There are thousands of different species of spiders in the world and not all of them are dangerous. Noticing grass spiders in the lawn when mowing, or seeing a wolf spider run across the floor inside is enough to illicit concern. Additionally spiders building nests, and creating webs in the eaves of the home can be frustrating to clean. If you notice spiders moving in around your home simply give Thrive a call, we will not only eliminate them, but also sweep down the webs to return your home to its proper beauty.
When most people picture a spider this is what they think of. Shiny and smooth jet black in color with a bright red/orange “hourglass” on the bottom. These spiders have a long skinny legs and large round abdomen.
Black widows are most often found outside, in areas not often disturbed, very near the ground. Often they are in sprinkler boxes, behind items stored against the foundation, in shrubs, or around wood piles. They do not spin a typical, flat web most associated with spiders, instead a very strong, but messy web.
The venom of the black widow is considered very toxic, but is delivered in such small doses when bitten it is seldom deadly. The bite is more likely to be very painful, and could cause a rash, high blood pressure, and stomach pains. Children and elderly are most effected, and if a black widow bite is expected the victim should see a doctor.
Brown recluse spiders are the other species considered to be dangerous in the Tulsa area. This spider is often referred to as a “fiddle-back” or “violin” spider. It gets its name from the distinct violin shaped pattern on its head. The body of this spider is yellow to light brow, with longer, light brown legs.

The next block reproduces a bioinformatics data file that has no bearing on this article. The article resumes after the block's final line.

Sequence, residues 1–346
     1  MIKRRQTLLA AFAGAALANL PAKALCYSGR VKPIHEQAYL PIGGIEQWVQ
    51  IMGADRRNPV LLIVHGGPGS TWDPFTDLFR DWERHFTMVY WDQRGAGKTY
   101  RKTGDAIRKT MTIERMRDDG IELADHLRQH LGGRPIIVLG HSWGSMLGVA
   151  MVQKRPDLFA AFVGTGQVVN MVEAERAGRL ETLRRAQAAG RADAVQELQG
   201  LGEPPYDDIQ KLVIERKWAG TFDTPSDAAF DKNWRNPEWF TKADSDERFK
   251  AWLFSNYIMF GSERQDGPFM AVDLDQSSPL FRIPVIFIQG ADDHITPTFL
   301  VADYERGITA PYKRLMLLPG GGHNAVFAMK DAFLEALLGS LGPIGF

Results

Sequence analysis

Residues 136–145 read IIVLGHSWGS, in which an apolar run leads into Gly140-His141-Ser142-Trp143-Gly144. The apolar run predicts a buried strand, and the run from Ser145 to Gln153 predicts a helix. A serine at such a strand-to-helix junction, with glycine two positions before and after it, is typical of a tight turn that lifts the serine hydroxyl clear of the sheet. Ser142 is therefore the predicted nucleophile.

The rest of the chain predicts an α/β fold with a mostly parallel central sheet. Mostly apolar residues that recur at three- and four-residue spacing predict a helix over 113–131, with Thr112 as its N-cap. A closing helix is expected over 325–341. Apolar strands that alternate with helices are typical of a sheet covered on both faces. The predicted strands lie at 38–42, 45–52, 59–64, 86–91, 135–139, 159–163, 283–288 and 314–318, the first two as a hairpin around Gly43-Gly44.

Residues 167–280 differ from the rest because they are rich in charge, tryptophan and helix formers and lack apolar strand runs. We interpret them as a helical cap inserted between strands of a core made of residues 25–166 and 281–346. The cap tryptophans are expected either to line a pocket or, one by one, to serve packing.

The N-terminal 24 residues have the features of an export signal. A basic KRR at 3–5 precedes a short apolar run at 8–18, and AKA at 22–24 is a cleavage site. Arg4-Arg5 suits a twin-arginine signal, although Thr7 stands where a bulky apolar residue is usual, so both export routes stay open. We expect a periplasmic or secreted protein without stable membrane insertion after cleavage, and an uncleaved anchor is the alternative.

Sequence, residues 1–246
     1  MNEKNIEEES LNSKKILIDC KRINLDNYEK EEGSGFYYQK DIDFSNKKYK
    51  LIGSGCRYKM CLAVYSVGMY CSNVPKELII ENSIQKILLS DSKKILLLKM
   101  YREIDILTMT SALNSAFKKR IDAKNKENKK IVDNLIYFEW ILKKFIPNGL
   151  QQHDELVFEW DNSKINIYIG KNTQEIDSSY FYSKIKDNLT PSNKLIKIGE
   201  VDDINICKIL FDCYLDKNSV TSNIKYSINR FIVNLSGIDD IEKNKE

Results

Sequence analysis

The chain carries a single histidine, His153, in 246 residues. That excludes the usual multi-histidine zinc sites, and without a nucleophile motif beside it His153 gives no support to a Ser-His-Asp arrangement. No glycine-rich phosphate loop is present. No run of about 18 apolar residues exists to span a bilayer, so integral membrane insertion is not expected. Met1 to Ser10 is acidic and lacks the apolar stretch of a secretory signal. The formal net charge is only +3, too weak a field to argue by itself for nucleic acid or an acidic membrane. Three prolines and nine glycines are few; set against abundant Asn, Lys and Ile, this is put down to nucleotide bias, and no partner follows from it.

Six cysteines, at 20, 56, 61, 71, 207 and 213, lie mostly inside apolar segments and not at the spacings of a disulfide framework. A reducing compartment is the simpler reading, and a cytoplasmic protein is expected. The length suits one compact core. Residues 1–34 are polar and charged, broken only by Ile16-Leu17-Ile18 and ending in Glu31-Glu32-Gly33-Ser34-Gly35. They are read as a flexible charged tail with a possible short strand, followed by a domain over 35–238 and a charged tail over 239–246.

Humans come in contact with these spiders more often because they do live in homes, and prefer dark areas that are seldom bothered. Attics, sheds, crawl spaces, closets, boxes, are some favorite harborage areas and breeding grounds. If there is a presence of brown recluse it is common to find cast skins in these dark areas, or occasionally see a spider out hunting for prey. They do not form a typical spider web to catch their food.
The bite of a brown recluse is considered extremely toxic. The venom is hemotoxic and can cause necrosis or dying of tissue around the bite area. The area of the bite can become crusty and red with a deep hole underneath the scab. Additionally it may cause fever and vomiting. Again children and elderly are most susceptible, but any time there is a concern of a brown recluse bite you should visit the doctor.
The process to eliminate brown recluse from a home is a process that will take time and effort when done properly. In addition to special products being used it is important to eliminate their food source and monitor the population constantly. If you suspect Brown recluse call Thrive pest control today for an inspection and to get the ball rolling.